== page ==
Note : some couriers calculate their prices based on volumetric weight, which is based on both the consignment’s dimensions and weight. You should speak to your courier, or obtain appropriate literature, which tells you how they calculate their prices.
As most couriers price their services based on weight or volumetric weight you’ll find it increasingly important to maintain accurate shipping weights against each product in your store. Product weight can be maintained in Evance under the specifications of a product. Remember that the weight in specifications is used purely to calculate shipping and is not displayed in your store, so you can opt to maintain either volumetric weight or gross packaging weight.
Understanding shipping may take time and you may want to experiment with one Shipping Class before adding more. Shipping Classes are flexible and a single class can accommodate different postage options, shipping zones, weight thresholds, order values and costs.
There are various strategies that on-line retailers use for Shipping, but based on what we've already discovered there are two popular views.
Some retailers offer free shipping by including the cost of delivery in product prices. Whilst this seems like a simple and effective policy it limits free delivery to a specific shipping zone and can bloat product prices making multiple quantities less attractive unless your profit margins on higher value products can absorb the costs.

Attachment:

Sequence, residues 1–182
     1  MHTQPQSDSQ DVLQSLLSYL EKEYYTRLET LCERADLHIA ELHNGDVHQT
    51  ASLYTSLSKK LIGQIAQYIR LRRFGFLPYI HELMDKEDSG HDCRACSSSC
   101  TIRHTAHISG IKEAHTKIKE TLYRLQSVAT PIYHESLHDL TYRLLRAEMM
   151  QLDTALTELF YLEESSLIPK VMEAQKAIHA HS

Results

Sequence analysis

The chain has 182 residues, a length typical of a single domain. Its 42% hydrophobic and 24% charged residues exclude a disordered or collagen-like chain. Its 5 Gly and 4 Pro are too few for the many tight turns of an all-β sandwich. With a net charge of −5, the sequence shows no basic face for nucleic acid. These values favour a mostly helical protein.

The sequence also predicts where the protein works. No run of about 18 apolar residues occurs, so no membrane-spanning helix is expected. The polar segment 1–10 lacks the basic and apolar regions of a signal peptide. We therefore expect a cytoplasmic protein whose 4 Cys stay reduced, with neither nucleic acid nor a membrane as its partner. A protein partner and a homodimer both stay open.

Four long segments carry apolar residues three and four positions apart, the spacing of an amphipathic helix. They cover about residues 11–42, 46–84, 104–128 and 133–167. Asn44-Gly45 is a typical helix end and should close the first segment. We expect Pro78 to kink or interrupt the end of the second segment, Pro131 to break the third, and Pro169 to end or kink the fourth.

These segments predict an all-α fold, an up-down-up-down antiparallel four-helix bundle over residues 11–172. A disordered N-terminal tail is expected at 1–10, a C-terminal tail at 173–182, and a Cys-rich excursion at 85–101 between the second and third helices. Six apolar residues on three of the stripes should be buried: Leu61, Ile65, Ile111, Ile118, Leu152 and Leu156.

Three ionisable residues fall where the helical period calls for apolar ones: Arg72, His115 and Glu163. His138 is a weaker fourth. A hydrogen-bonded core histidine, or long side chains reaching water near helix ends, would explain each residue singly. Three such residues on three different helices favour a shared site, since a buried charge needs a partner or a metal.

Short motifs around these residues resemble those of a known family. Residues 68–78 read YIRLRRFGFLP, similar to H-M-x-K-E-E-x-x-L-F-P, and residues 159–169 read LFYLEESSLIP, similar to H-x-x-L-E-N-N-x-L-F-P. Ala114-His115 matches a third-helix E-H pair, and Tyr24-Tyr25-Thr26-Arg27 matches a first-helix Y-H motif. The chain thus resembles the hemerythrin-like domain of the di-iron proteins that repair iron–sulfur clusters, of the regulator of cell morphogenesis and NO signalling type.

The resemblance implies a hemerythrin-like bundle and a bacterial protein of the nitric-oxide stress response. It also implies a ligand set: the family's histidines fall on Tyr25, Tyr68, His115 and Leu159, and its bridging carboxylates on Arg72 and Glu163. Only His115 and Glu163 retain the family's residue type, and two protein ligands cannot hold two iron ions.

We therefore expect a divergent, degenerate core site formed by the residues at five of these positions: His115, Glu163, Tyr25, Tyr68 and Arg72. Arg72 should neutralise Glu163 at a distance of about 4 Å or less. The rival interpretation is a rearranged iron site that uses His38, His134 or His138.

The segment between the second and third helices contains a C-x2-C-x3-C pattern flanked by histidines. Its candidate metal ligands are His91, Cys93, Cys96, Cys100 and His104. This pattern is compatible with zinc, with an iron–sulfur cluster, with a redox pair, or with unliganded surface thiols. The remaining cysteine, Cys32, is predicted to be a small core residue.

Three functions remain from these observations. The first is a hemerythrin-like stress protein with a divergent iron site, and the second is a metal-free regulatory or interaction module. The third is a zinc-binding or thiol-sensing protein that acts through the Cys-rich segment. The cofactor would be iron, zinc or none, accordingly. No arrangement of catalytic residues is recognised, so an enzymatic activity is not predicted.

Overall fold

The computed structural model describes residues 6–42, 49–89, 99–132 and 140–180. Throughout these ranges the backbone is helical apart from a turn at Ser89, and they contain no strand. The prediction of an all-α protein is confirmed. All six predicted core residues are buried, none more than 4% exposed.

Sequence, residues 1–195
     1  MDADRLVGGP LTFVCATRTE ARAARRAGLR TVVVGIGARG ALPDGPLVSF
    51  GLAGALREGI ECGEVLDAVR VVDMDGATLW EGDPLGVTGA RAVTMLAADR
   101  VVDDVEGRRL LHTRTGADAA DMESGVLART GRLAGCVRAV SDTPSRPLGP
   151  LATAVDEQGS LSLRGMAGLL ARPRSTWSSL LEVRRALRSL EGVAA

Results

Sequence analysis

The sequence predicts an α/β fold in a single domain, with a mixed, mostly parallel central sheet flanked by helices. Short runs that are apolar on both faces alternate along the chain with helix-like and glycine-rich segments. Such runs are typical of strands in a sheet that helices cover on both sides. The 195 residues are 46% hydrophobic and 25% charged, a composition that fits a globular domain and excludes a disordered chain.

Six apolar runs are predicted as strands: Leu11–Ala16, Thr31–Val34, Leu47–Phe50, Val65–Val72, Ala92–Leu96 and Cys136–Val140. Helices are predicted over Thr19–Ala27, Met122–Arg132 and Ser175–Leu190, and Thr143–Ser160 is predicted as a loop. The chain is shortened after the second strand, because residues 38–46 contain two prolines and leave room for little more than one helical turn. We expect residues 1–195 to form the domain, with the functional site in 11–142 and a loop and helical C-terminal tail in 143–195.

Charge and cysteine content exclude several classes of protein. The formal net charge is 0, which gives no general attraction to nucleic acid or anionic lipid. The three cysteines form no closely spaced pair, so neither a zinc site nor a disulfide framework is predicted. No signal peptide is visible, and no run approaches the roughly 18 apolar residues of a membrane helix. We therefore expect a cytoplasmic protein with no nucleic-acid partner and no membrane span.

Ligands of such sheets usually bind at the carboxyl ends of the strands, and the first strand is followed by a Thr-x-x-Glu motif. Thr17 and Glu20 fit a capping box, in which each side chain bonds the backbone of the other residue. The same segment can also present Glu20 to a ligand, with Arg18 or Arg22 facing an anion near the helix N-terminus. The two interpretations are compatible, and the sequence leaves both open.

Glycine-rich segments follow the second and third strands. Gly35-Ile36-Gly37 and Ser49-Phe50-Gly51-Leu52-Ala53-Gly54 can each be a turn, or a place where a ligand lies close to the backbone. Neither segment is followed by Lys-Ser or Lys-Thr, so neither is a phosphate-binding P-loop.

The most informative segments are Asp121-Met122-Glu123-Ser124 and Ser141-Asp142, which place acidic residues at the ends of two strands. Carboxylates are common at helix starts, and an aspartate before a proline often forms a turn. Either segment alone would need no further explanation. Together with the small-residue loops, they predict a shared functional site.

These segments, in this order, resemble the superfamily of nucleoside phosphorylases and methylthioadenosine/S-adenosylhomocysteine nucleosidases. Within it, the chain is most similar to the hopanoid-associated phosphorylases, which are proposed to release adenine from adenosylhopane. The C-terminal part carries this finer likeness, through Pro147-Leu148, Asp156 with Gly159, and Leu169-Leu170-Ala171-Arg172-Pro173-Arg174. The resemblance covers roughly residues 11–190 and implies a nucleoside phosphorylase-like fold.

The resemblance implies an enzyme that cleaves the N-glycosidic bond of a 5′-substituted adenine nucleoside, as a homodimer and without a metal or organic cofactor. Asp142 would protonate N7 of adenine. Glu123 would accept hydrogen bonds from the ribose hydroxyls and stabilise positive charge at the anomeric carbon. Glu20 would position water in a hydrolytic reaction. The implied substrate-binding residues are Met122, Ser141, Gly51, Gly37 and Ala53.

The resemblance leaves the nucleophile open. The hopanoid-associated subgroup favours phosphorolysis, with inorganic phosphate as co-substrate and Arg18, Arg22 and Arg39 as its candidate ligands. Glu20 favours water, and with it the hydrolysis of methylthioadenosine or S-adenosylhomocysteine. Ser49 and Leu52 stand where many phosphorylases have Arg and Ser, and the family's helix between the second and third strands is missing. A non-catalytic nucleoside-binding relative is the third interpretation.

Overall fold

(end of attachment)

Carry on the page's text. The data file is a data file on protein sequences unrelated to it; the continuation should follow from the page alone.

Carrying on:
This is more common and allows you to be a bit more dynamic by offering incentives for free shipping e.g. Free Delivery on orders over £50 and in our experience these types of incentives work well when advertised in your store. This helps you to maintain more competitive unit prices as well as shipping costs and is more sustainable as shipping costs vary where margins are tighter.
Before setting up your shipping settings in Evance you should now have a clearer idea to answer the following questions:
There are 5 conditions that Evance takes into account when evaluating delivery costs:
If these conditions are matched during calculation then the following calculation is performed where:
Q = Total quantity of items in the cart.
P = Price per item being packed.
D = Cost of delivery per order, which should encompass packaging, labour & courier costs.
K = Cost per additional Kilo, which is based on the cart weight minus threshold.
(Q x P) + D + K = Total Shipping Cost
Creating multiple Shipping Classes may be required if you have products where delivery costs of shipping and/or handling escalate due to bulk or fragility.
If you choose to add additional Shipping Classes you should try to keep a similar set of available Postage options in each Shipping Class so that Evance can locate like-for-like Postage options when the cart contains multiple products with different Shipping Classes. In this event Evance will choose the Shipping Class with the highest overall Shipping Cost.